4 and 8) results were drastically different. It was apparent within a short time
after the start of the experiment that these animals were gaining poorly. It seemed
obvious that something was seriously wrong with the diet. Upon careful examination,
the Coker 67 was found to be heavily contaminated with Crotolaria spectabilis seed.
Further examination revealed that I bushel of the shelled corn contained approximate-
ly 400 crotolaria seed or about'5.5 gm. This amount, when ground into the feed mix-
ture, probably caused the drastic impairment of performance seen in pens 4 and 8.
After 36 days on the test the pigs had gained an average of only 9.9 lb. per pig.
There were no obvious symptoms of toxicity other than an emaciated, starved appear-

Since the pigs in pens 4 and 8 were performing so poorly and there appeared to
be little chance of survival, it was decided to substitute open market corn for the
crotolaria contaminated Coker 67 to see if the pigs in these pens had been permanent-
ly injured. At the same time, open market corn was also substituted for Dixie 18
for the pigs in pens 2 and 6. All other animals remained on their original experi-
mental diets throughout the final 56 days of the trial. Results for the final 56
days are presented in Table 4.

Pigs in pens I' and 5, on the Dixie 18 corn fed free-choice with supplement, con-
tinued to gain well (1.73 Ib./day). They consumed a reasonable proportion of sup-
plement to corn and required 3.32 lb. of total feed per pound of gain. Pigs in pens
2 and 6, which were fed a complete mixture containing the open market corn, gained
very well (1.84 lb./day) and required only 3.10 Ib. of feed per Ib. of gain. The
pigs in pens 3 and 7, which remained on the shelled Coker 67 corn free-choice with
supplement, made only fair gains (1.58 lb./day) and required 3.38 Ib. total feed per
lb. gain. Apparently these animals sorted the corn from the crotolaria seed and
rejected enough of the crotolaria seed to prevent a serious impairment of perform-
ance. The animals in pens 4 and 8, which had been severely affected by the pre-
sence of the ground crotolaria seed in their feed mixture during the first 36 days
of the study, responded well to the change in ground corn and made a satisfactory
recovery during the final 56 day feeding period. Without doubt there was some carry-
over effect since feed intake and gains were much below the other groups. However,
the pigs appeared to be on the way to a full recovery when the experiment was termi-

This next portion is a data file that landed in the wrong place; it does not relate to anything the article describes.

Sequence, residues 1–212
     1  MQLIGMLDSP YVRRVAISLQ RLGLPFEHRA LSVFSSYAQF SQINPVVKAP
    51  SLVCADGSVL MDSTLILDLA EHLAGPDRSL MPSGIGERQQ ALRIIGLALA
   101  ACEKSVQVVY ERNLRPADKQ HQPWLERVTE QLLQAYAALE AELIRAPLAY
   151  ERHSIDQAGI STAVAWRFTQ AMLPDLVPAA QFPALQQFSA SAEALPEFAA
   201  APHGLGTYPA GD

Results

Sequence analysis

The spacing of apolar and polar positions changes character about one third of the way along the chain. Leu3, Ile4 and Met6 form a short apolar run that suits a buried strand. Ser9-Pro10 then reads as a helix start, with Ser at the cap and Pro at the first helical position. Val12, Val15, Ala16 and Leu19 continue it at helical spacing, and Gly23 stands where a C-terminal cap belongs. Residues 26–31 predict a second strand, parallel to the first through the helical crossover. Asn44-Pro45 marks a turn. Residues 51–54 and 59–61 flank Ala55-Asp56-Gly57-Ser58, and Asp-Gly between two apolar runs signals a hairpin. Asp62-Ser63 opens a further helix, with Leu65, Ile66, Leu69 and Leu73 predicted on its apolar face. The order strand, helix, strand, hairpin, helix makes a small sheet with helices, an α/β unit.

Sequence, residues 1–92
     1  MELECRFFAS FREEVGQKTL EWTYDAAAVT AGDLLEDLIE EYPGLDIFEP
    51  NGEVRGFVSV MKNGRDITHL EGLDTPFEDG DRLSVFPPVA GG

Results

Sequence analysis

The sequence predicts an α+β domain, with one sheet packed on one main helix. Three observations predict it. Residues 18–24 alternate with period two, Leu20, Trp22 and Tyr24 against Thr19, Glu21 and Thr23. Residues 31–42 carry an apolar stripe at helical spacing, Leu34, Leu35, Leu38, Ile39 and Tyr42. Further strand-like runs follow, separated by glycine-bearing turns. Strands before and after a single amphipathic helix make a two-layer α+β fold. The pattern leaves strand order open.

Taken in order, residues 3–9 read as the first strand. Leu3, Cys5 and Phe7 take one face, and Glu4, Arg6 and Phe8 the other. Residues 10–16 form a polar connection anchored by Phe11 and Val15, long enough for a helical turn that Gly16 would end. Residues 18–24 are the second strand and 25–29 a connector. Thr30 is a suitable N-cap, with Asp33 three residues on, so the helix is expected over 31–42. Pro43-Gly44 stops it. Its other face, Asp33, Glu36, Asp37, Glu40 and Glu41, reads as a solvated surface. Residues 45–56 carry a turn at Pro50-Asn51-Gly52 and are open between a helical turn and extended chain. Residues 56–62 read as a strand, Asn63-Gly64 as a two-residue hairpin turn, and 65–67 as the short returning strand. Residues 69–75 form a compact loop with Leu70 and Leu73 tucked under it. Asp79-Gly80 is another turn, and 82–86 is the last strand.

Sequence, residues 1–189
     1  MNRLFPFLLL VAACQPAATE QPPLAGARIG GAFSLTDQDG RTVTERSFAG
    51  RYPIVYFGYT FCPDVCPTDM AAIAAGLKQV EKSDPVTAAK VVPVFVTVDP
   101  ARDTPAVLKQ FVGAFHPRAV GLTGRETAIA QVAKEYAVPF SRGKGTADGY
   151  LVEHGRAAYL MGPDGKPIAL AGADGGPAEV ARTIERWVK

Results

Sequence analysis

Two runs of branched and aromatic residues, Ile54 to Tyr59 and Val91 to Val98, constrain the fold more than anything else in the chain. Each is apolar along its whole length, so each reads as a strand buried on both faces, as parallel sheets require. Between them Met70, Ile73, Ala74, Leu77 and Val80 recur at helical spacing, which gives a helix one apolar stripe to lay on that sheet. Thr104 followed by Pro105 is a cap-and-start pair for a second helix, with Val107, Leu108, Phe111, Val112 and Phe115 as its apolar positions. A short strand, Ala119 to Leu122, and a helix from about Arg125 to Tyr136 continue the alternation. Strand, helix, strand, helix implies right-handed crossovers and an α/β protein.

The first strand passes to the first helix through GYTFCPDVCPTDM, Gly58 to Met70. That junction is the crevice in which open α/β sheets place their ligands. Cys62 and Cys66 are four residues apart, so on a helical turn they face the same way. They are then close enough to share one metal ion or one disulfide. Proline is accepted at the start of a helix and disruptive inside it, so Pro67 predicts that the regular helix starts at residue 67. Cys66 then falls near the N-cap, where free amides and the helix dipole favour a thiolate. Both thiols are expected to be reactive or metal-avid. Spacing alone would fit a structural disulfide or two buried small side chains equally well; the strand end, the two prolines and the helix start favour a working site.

Table 3. Summary of Feedlot Performance (First 36 days).

Pen numbers I and 5 2 and 6 3 and 7 4 and 8
Corn variety Dixie 18 Dixie 18 Coker 67 Coker 67
Corn preparation Shelled Ground Shelled Ground
Method of feeding Free-Choice Complete Mixture Free-Choice Complete Mixture

Number of pigs 10 10 10 10
Initial wt., lb. 26.8 27.1 26.9 27.0
Final wt., lb. 59.8 57.2 59.3 36.9
Daily gain, lb. 0.92 0.84 0.90 0.28
Daily feed intake, lb.:
Corn 1.74 -- 1.37 -----
Supplement 0.93 ----- 0.96
Total 2.67 2.34 2.33 1.67
Feed per Ib. gain, Ib.:
Corn I.89 ----- 1.52
Supplement 1.01 ---- 1.07 ---
Total 2.90 2.79 2 59 5.96

Table 4. Summary of Feedlot Performance (Final 56 Days).

Pen numbers I and 5 2 and 6 3 and 7 4 and 8
Corn variety Dixie 18 Open Market Corn- Coker 67 Open Market Corn-I
Corn preparation Shelled Ground Shelled Ground
Method of feeding Free-Choice Complete Mixture Free-Choice Complete Mixture

Number of pigs 10 10 10 10
Initial wt., Ib. 59.8 57.2 59.3 36.9
Final wt., lb. 156.5 160.3 147.3 112.4
Daily gain, Ib. 1.73 1.84 1.58 1.35
Daily feed intake, lb.:
Corn 4.23 ------ 3.74 --
Supplement 1.50 ---- 1.58 ---
Total 5.73 5.71 5.32 4.04
Feed per Ib. gain, lb.:
Corn 2.45 ----- 2.38 ----
Supplement 0.87 ------ 1.00 ----
Total 3.32 3.10 3.38 3.00

!/ For the final
in pens 2 and

56 days of the feeding test open:market corn was substituted for the Dixie 18
6 and for the crotolaria contaminated Coker 67 in pens 4 and 8.



An experiment, involving 40 growing-finishing pigs,; was initially designed to
compare the feeding value of two common field corn varieties used in the swine pro-
ducing areas of Florida namely Dixie 18 and Coker 67. However, the presence of
Crotolaria spectabilis seed in the Coker 67 variety was ascertained a few weeks
after the experiment started. The contamination level was estimated to be approxi-
mately 400 seeds or 5.5 gm. per bushel. Because of this, the original objective of
the study was abandoned and the poisoning effect of the crotolaria seed was the
main feature studied in the experiment. No useful information was obtained relative
to the comparative feeding value of the two corn varieties.

Pigs fed a ground mixed feed containing the crotolaria contaminated corn grew
very poorly and were severely emaciated after 36 days on test. Similar pigs fed
the same type corn on a free-choice basis with protein supplement gained fairly well.
This suggested that the pigs were sorting the crotolaria from the shelled corn and
rejecting it. However, even these pigs appeared to be adversely affected to some
degree, as measured by their performance during the final 56 days of the experiment.

When pigs that had been severely retarded by the presence of crotolaria seed in
their ground mixed feed were changed to a normal diet, recovery was rapid and no
evidence of permanent damage was seen.

This experiment re-emphasizes the toxicity of crotolaria seed and suggests the
need for great care in the cleaning of grains harvested on the farm.

Information on the nature of the toxic principle present in crotolaria and
much other pertinent information is to be found in Florida Bulletin 510A.

Literature Cited

I. West, Erdman and:M. W. Emmel. 1960. Plants that poison farm animals. Fla.
Agr. Expt. Sta. Bul. 510A.